Social influence is one of the major driving forces while making a decision. Social class, income, living society, company an individual keeps; workplace, etc. can have a major effect on consumer behaviour. Of course, influencers and other opinion leaders have a major role in an individual’s decision-making process too. Other factors include religion, race and nationalities.
The theories that decide on how a consumer comes to decide what he needs are discussed below.
Sigmund Freud’s theory states that behaviour is guided by subconscious needs. It is governed by three factors namely Id, superego and ego.
Id is the impulsive need of thirst, hunger and sex an individual has.
Superego is an individual’s expression of society’s morals. Thus it is what bounds Id from impulsive behaviour such that an individual fulfils his needs in a manner that is accepted by the society.
Ego is an individual’s conscious control over the impulses and restrictions created by Id and Superego.
Maslow’s theory of hierarchy
Behaviour runs from bottom to top and is dependent upon the lowest unmet needs. The hierarchy pyramid designed by Maslow is shown below:
Herzberg’s two-factor theory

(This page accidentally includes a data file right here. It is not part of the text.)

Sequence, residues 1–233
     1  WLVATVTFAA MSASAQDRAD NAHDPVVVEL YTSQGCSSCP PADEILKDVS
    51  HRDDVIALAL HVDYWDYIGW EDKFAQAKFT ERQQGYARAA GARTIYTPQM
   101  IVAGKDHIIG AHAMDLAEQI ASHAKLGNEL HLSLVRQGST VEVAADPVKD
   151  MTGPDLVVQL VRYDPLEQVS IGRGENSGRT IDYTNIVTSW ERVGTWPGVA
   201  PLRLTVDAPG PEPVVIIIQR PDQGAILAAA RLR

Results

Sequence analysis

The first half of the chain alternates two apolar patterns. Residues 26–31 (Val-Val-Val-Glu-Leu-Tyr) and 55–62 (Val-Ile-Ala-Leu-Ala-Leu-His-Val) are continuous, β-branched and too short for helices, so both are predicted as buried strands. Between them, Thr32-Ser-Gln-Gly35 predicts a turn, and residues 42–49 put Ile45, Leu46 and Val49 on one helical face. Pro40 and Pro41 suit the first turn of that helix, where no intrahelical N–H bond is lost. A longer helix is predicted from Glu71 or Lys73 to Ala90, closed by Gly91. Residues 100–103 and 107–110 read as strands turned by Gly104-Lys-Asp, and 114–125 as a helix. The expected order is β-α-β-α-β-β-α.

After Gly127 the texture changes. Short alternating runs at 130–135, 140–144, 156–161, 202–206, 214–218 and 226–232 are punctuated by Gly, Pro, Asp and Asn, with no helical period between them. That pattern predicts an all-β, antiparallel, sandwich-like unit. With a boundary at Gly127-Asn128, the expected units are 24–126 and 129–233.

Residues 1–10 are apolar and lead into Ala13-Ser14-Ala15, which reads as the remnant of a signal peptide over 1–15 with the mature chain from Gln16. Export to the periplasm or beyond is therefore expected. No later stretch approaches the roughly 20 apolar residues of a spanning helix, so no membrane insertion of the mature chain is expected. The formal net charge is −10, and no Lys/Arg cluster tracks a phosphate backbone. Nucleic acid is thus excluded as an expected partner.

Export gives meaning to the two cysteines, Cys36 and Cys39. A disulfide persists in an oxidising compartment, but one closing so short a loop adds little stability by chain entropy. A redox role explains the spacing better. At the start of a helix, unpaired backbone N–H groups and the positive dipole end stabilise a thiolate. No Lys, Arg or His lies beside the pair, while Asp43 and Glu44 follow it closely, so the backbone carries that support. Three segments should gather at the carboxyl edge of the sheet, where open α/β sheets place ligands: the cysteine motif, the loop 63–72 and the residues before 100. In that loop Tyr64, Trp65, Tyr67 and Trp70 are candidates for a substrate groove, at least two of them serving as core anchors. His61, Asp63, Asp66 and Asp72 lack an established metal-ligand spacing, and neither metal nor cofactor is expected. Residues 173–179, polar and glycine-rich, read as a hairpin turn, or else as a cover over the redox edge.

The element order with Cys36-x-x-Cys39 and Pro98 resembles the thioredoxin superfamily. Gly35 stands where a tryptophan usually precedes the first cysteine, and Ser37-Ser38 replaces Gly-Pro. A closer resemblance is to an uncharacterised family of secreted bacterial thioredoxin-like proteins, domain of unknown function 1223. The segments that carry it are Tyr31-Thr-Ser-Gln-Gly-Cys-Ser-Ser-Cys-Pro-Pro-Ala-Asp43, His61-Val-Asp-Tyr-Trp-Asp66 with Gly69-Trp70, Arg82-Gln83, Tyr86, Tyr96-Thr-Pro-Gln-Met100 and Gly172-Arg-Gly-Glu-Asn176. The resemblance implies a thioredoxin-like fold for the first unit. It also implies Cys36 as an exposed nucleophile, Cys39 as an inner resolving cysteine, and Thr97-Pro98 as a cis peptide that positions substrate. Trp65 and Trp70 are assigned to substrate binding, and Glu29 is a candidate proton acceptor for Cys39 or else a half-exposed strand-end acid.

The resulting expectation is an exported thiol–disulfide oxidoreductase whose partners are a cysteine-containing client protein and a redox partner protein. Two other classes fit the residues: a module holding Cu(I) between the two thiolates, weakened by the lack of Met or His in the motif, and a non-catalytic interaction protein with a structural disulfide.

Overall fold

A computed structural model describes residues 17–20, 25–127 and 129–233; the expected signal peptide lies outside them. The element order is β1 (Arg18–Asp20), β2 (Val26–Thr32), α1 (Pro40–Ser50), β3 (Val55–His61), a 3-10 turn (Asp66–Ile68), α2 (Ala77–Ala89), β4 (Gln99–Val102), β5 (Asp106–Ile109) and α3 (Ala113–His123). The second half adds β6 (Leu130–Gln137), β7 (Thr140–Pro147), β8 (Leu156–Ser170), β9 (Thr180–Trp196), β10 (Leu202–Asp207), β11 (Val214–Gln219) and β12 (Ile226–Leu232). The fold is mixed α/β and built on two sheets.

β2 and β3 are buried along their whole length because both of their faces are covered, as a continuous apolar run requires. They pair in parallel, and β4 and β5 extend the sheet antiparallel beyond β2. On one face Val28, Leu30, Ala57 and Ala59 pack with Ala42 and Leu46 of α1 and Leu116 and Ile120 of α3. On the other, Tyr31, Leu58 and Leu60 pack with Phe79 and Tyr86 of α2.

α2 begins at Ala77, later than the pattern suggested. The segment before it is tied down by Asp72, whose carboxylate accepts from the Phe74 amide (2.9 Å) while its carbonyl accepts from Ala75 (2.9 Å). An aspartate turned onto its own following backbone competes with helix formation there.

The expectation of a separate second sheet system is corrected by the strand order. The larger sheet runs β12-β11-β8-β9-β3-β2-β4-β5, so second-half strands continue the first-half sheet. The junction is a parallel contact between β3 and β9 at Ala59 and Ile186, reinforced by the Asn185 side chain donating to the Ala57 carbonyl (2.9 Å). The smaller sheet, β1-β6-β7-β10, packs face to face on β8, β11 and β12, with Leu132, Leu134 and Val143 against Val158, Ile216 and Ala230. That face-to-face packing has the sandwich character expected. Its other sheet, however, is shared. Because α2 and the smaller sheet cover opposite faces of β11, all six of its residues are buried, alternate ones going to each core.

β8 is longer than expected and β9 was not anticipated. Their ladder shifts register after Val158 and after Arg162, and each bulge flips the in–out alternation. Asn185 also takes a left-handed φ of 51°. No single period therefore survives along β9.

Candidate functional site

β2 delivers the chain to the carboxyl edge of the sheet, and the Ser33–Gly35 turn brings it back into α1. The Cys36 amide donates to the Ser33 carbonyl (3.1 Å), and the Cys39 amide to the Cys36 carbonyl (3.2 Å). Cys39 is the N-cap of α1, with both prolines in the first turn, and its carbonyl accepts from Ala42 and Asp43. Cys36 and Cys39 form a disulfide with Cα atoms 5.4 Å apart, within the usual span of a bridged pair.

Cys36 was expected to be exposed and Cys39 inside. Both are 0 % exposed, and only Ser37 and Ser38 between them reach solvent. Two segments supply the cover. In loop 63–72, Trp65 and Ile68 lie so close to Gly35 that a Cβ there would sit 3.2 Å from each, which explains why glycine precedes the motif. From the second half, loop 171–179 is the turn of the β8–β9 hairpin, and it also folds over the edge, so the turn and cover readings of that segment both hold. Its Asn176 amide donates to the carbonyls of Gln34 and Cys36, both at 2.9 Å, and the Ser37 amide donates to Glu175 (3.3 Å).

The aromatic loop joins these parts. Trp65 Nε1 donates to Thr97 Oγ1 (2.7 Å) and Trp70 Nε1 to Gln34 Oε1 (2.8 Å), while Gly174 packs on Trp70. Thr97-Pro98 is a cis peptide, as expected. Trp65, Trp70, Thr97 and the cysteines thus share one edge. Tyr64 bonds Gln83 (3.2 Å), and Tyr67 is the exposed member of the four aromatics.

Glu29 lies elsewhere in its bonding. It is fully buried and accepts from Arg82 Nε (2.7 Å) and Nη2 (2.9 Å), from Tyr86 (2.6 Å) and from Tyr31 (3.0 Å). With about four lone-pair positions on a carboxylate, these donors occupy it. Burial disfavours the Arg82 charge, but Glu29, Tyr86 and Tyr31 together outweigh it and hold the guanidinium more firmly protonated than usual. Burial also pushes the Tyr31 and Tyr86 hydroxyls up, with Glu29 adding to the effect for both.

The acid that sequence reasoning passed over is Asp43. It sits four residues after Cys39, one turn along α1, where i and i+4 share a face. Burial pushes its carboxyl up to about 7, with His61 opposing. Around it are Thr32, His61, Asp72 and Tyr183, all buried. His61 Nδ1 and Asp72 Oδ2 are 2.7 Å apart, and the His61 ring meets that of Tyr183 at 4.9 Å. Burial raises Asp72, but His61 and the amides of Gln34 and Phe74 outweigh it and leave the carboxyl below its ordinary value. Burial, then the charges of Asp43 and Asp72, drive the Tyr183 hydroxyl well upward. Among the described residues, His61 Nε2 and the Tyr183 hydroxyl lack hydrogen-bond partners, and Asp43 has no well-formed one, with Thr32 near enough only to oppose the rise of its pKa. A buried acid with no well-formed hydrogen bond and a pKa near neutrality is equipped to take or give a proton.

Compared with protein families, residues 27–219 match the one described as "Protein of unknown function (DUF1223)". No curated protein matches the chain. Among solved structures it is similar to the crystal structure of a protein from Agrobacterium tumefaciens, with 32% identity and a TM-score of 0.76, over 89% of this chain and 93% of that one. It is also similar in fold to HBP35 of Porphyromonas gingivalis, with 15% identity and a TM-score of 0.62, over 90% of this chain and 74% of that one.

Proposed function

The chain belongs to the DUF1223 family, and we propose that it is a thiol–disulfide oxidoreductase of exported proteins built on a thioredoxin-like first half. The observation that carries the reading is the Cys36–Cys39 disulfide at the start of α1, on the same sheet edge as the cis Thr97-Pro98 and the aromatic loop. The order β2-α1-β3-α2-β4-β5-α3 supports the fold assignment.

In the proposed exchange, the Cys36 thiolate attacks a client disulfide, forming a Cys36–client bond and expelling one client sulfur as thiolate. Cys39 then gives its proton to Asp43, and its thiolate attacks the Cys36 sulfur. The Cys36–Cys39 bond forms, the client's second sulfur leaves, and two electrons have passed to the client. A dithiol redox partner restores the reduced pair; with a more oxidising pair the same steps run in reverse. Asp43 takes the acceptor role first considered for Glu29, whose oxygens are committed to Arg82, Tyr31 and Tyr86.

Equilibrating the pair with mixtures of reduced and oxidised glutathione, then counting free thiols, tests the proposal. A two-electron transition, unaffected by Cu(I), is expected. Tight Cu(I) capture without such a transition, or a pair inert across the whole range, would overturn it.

Frederick Herzberg stated that behaviour is guided by two factors that go hand in hand. These are motivation and hygiene. Hygiene can be stated as dissatisfaction and motivation can be passed on as satisfaction. Consumer behaviour is in your favour when satisfaction is highest and dissatisfaction is minimal.
How Consumer Behavior Works?
To understand how Consumer Behaviour works we need to understand how Perception works.
What Is Perception?
Perception is the process by which we select, interpret and organize data to create a logical sequence which is meaningful. Perception can be dependent on the stimuli we receive, how we respond to those stimuli and the conditions of our surroundings when we receive the stimuli.
Now, every marketer works on maximizing their gains through perception. This is an essential topic of consumer behaviour as the perception of a product is the make it or break it deal for the given product’s life cycle.
The four cornerstones of perception are:
Selective attention is when you select some particular inputs/stimuli and choose to ignore others in a group of stimuli. Basically, in simpler terms, not all information reaches and connects to you. You perceive the information you relate to.
Selective retention is when you remember the parts of the stimuli that support your personal feelings and beliefs and forget the inputs that do not. In easier terms, you remember the information that connects to you at a psychological level.